AUGUSTA, Maine — With precious little time left before a two-year state spending plan must be passed, the top Democratic budget negotiator said Friday there’s little chance for a comprehensive tax reform package identified by Gov. Paul LePage as his top fiscal priority.
“It’s difficult, at this point, to do any meaningful kind of tax reform,” said Rep. Peggy Rotundo, D-Lewiston, the House chairwoman of the Appropriations Committee.
Friday was the original deadline set by Rotundo and Republican Sen. Jim Hamper of Oxford, the committee’s Senate chairman, but the group’s work is far from finished. Appropriators are eyeing May 29 as a target date to finalize a spending plan for fiscal years 2016 and 2017.
That plan must be in place by July 1 and will require two-thirds majority support in both the Democrat-controlled House and GOP-controlled Senate to meet that deadline.
LePage kick-started a robust tax reform conversation in January, when he unveiled a $6.57 billion budget proposal centered on a $300 million income tax cut, paid for in part by an increased sales tax and expansion of the goods and services to which it’s applied. The governor’s plan also would have eliminated the estate tax and reduced the corporate income tax.
Republicans bristled at a plan that so closely resembled one they campaigned against in 2010. Democrats put forward a counterproposal they said was a “better deal” for the middle class, but for months, the GOP remained silent.
Last week, Republican lawmakers came forward with their own tax reform proposal. Much to LePage’s chagrin, it was not as transformative as his comprehensive plan.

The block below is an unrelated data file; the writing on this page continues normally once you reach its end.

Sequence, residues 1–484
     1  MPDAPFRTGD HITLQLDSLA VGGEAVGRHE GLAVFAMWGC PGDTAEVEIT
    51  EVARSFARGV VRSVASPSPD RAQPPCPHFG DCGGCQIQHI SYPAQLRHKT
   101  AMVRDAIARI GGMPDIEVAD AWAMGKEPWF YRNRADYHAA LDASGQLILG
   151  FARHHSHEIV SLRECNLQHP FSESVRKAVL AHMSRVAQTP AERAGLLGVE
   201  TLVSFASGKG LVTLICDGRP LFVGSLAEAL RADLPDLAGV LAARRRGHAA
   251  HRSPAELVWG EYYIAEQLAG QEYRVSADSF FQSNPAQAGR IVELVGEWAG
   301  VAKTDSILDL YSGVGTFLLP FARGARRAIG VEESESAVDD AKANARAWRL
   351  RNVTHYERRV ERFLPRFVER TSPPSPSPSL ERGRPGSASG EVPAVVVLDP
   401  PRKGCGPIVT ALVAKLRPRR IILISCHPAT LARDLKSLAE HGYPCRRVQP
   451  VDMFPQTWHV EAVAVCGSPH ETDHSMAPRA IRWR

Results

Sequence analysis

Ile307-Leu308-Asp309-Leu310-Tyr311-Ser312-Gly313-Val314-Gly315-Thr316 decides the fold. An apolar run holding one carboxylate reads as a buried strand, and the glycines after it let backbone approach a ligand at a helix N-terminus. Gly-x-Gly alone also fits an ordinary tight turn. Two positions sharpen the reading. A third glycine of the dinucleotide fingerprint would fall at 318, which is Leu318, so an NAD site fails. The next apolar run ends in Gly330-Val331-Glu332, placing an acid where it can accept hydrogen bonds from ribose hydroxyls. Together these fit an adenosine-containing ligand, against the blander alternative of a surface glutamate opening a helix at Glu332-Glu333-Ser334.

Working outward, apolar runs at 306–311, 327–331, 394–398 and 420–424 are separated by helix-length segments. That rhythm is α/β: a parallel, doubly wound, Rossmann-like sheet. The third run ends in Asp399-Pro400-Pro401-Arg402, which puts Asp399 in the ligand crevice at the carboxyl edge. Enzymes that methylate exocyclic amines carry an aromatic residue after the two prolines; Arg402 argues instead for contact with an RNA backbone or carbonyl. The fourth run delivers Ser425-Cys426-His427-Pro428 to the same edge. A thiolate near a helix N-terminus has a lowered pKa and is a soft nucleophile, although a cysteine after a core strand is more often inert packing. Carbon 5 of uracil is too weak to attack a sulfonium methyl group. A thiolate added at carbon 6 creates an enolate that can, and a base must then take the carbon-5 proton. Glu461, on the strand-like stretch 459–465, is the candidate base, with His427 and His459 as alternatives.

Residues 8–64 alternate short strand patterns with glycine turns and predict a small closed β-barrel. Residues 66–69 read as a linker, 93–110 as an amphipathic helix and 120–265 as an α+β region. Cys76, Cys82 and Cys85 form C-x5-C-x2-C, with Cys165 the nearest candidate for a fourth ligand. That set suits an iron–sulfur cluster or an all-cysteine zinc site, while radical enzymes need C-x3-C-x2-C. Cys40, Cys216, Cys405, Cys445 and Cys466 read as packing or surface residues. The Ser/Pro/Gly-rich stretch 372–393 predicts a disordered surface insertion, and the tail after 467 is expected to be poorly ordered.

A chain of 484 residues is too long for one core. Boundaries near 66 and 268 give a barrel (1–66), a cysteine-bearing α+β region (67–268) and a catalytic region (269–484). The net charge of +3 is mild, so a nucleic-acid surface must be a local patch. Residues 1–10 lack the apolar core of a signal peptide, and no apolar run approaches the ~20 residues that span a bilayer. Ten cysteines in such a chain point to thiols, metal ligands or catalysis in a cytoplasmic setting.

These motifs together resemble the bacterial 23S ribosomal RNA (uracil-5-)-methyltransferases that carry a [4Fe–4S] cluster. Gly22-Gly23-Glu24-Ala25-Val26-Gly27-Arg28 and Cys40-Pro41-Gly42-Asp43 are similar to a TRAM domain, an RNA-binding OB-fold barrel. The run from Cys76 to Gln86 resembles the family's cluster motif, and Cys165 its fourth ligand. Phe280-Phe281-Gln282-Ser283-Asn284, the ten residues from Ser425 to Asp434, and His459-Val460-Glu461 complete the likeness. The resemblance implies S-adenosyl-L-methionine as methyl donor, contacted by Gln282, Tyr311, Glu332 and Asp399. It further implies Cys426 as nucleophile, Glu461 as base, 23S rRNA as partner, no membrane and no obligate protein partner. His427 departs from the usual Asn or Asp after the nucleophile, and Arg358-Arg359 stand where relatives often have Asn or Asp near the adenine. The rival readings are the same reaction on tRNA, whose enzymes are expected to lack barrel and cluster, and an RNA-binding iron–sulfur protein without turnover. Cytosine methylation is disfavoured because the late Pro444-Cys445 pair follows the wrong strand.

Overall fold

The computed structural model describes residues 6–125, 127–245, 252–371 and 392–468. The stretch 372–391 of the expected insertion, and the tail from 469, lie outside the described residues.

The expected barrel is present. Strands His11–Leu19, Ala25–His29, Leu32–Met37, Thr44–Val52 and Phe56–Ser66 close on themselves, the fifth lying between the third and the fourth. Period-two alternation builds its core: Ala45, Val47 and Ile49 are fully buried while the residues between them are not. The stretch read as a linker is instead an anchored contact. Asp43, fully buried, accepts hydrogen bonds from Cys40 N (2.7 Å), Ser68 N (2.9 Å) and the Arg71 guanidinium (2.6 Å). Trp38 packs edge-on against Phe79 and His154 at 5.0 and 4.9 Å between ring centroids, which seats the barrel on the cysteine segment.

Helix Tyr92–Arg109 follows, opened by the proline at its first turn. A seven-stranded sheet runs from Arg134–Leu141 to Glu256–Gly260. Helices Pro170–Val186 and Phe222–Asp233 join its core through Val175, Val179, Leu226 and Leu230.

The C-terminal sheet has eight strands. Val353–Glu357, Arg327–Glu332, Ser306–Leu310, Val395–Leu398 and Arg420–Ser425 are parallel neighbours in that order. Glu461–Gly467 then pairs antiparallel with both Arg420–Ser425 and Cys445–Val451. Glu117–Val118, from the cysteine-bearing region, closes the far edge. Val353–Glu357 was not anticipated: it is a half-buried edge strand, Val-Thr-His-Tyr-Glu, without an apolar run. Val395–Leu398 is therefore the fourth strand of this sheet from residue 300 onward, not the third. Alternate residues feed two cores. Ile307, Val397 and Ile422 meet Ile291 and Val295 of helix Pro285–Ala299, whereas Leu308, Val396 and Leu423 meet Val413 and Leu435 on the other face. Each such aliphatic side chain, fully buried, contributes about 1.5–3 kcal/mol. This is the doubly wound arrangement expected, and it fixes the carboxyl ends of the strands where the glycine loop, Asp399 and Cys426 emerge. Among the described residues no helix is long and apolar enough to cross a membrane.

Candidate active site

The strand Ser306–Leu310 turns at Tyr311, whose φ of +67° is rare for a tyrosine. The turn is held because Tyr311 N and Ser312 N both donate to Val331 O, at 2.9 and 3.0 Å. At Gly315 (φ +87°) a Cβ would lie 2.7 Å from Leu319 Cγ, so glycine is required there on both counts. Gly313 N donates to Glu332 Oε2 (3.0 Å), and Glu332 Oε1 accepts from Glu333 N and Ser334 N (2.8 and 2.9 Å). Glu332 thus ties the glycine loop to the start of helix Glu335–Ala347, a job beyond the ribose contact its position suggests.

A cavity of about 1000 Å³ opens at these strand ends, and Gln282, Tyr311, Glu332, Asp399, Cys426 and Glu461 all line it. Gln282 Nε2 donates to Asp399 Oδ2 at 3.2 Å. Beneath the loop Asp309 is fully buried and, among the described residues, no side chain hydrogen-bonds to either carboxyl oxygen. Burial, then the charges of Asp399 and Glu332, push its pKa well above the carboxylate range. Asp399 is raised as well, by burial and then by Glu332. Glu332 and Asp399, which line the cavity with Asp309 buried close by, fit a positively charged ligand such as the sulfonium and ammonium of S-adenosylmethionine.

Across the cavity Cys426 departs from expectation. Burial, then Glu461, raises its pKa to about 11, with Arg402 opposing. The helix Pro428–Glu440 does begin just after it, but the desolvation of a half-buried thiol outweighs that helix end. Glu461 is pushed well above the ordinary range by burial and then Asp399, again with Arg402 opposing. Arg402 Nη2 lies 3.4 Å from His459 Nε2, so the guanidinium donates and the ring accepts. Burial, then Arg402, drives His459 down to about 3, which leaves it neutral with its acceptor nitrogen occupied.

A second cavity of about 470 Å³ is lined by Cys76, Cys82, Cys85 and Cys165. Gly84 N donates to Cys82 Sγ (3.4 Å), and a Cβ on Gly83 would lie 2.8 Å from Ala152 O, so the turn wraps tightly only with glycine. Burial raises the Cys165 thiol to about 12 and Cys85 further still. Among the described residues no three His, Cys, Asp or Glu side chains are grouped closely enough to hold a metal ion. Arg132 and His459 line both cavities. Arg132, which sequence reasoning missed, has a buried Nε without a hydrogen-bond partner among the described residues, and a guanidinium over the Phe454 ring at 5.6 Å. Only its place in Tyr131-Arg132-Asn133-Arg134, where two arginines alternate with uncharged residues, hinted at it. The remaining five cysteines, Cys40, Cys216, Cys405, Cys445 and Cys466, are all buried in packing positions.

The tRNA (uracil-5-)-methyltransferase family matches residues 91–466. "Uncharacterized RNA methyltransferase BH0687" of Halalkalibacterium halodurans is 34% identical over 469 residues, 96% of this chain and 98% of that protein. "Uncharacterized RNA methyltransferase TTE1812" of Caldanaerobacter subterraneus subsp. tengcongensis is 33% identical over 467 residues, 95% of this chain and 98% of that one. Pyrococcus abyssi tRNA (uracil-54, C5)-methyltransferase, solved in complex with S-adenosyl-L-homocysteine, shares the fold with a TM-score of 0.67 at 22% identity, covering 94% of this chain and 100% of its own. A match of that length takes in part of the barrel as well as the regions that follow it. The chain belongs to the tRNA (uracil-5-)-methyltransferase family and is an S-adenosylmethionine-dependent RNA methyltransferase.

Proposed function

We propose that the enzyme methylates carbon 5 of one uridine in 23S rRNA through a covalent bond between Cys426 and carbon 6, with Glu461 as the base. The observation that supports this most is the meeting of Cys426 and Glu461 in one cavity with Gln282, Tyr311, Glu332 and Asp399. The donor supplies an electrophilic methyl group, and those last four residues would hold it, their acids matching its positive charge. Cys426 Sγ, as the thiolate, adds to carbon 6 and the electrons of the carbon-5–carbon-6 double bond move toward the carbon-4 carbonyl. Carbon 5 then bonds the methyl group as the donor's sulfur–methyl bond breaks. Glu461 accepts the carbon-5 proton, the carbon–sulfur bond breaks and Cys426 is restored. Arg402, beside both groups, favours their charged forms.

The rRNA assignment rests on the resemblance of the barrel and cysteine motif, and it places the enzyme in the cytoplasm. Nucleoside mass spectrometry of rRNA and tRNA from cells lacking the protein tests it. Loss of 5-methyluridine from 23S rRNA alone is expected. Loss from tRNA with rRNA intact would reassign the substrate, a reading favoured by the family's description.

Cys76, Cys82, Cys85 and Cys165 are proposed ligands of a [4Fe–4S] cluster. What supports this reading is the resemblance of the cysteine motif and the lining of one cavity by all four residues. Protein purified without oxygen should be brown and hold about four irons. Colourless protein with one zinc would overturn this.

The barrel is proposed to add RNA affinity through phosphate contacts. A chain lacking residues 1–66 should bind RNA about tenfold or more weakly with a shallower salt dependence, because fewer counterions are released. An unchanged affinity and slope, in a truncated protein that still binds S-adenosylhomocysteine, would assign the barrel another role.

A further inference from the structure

Still, it apparently set the stage for negotiations among legislators to begin in earnest.
But Rotundo said negotiations are impossible because Maine Revenue Services has refused to conduct and distribute the analysis of the GOP plan that the Appropriations Committee has requested.
Maine Revenue Services operates under the purview of Gov. Paul LePage. The agency’s reluctance to hand information to the Appropriations Committee is reminiscent of last session, when LePage instructed his deputies not to appear before the committee to answer questions. That’s prompted some to wonder whether LePage, frustrated over the apparent direction of tax reform talks, had ordered Maine Revenue Services not to play ball.
“We don’t have the cooperation of the Maine Revenue Services at this point. We haven’t gotten anything back from them,” Rotundo said Friday. “You can’t put together a tax package without analysis, and without good numbers.”
Efforts Friday to ascertain why Maine Revenue Services had not yet responded to the Appropriations Committee were unsuccessful.
Hamper, however, said he’s still optimistic that some manner of tax reform could make it into the final budget bill that the Appropriations Committee sends to the full Legislature.
“I want to see something along these lines in the budget,” he said. “I want us to do something this time around.”
Late Friday afternoon, Republican leaders from the Legislature and LePage issued a joint statement, indicating that their disagreements on comprehensive tax reform had forced them to refocus their efforts on a simpler goal — income tax cuts.
“We all firmly believe the next budget must include meaningful income tax cuts that allow Mainers to keep more of the money they have rightfully earned,” House Republican Leader Ken Fredette, Senate President Michael Thibodeau and LePage said in written statement.
“The elimination of the income tax is a priority for Republicans. We will continue to work together to reduce the income tax until it is gone once and for all,” the trio said.
Democrats have stressed that any tax cuts must focus relief on the middle class, and must be paid for not just in this two-year budget, but into the future. So far, they’re unconvinced that the GOP proposal meets those criteria.
So the stalemate continues into next week. Work sessions on the budget are scheduled to resume Tuesday in the Appropriations Committee.
Follow Mario Moretto on Twitter at @riocarmine.